I am concerned as well about classrooms in Israeli schools being on average 21% more crowded than in other developed countries (according to the Education at a Glance study, done in 2019, for the OECD). In a classroom comprising 30 or more school children, one need not be a genius to understand that some of them will simply fall between the chairs. The emphasis in this case is naturally on those children who live in homes, in which parents are so concerned with daily issues that they are not free to provide their children the emotional support they need.
Schools are not a substitute for families and the set of values one is equipped with from home. After all, a child spends many hours in an educational institution and that, too, may have tremendous impact upon the child’s development. As in the words of Rabbi Shlomo Carlebach, “The only thing a child needs, is for one grown-up to believe in him.”
CROWDED CLASSROOMS aside, another aspect that has a detrimental affect on the passing of knowledge and values at schools, is the almost complete lack of discipline in Israeli schools.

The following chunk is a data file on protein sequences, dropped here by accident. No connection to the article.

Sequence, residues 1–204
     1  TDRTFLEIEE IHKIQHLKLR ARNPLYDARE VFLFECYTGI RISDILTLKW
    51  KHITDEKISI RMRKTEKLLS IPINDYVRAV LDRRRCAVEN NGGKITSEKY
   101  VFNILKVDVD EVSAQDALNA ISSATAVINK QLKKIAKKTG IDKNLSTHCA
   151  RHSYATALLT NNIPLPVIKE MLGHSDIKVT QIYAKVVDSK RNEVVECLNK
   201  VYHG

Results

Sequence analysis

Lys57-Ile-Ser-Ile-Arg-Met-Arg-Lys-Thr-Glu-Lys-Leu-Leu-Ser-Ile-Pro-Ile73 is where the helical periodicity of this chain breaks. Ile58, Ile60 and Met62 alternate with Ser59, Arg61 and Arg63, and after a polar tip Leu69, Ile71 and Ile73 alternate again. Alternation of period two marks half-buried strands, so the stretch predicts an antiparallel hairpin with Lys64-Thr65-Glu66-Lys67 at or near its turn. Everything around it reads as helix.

Throughout the years, a growing culture of “lets make it fun for the child” has become the norm and has aggressively overridden concepts such as mutual respects for one’s peers, honoring one’s teachers and zero tolerance for violence, verbal or physical. A child growing up without clear behavioral boundaries will surely grow up into a disrespectful, aggressive and intolerant adult.
And then there is the anomaly pertaining to the salaries of our educators. Which sensible person will dedicate his or her life to the vastly important task of educating the generation of tomorrow without being able to tend to his own family’s basic needs? Furthermore, the lower the salary, the greater the perception is amid the public that the profession is not worthy of respect despite the fact that it is, de facto, the basis to the very future of this country.
After all, the greatest asset of all, which has made Israel the miracle that it currently is, is our human resource.